The extensive knowledge of the CTS team with regard to hard wearing stage floor cloths was put to good use and Nina sewed the brown flax floor cloth with flat seams and specially designed stiffening bar pockets on the edges to help the cloth lay flat. James Finlay was particularly impressed with the sacrificial cloth edge which enabled the cloth to be nailed out for painting. This was removed once the cloth had been painted ensuring there were no unsightly nail holes in the edge of the finished cloth.

Nine sewing the edges of the cloth

The nailing out of the cloth and the first few priming coats were a test of nerves for the painting team as brown flax is renowned for its tendency to shrink dramatically when wet. This was countered by hammering in nails every 25mm around the edge. In excess of a thousand nails were used to ensure the cloth did not distort.

Once primed the design was drawn out on the cloth by Julia and the painstaking and detailed process of painting the stencil pattern could commence. Over several weeks Julia and Frankie Locke, Scenic Artist, applied the many layers of different coloured stencil patterns and finished by painting the border edge.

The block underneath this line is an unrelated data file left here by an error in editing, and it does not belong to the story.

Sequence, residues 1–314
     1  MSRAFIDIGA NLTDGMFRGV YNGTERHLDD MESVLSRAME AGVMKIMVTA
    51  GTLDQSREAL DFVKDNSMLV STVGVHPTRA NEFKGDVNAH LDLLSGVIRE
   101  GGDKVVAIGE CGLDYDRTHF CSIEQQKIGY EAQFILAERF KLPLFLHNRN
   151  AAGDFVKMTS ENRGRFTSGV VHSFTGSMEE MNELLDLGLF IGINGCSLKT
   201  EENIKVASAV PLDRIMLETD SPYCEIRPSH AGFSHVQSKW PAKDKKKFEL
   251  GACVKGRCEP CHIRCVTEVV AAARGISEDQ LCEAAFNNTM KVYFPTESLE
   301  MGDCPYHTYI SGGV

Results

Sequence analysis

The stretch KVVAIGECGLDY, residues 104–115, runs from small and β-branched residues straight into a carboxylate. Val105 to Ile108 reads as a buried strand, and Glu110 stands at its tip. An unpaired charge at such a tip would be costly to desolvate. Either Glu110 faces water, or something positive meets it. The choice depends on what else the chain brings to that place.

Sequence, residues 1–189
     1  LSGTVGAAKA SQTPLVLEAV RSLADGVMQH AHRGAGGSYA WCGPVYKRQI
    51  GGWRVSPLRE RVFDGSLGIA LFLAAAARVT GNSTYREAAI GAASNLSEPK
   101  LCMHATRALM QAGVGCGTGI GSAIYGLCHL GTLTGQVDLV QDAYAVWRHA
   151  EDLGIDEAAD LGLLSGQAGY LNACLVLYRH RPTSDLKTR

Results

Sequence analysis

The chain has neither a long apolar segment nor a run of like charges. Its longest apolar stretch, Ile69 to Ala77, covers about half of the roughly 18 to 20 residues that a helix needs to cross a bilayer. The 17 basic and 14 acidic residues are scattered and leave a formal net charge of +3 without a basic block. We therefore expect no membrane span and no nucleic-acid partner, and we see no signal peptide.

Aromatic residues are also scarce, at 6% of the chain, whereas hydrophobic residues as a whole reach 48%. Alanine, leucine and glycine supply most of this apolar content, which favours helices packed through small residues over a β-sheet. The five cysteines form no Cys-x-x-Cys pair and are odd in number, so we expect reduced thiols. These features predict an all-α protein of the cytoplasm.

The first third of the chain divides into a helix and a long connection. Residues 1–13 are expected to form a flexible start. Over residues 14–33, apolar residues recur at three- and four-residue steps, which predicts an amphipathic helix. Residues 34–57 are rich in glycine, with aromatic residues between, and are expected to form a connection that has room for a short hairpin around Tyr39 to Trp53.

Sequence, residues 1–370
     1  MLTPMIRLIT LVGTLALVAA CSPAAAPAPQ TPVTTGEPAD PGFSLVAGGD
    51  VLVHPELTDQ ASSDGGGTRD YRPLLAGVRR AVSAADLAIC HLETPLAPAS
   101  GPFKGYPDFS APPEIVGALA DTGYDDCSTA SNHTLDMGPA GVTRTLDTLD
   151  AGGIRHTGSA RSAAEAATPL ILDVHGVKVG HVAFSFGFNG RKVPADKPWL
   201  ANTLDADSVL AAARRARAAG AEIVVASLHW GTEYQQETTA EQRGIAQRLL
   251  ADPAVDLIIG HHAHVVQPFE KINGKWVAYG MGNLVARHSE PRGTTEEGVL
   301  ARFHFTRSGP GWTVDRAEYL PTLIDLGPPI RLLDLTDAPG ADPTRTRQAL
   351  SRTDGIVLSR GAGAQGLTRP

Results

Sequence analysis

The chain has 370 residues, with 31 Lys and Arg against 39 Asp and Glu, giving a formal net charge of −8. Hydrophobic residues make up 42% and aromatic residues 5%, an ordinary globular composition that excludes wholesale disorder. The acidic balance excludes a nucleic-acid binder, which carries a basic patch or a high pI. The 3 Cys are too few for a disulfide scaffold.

After several protective varnish coats were applied the cloth was left to fully dry out for several days whilst the CTS team worked out how they were going to transport the cloth to Attingham.  At over 6 metres square this represented quite a problem as it could not be folded. The solution was to roll the cloth on large diameter plastic drain pipe, Nina and Steve Rees, Scenic Carpenter, devised some natty removable end stops complete with hand holds to enable the cloth to lifted and tied off during transport.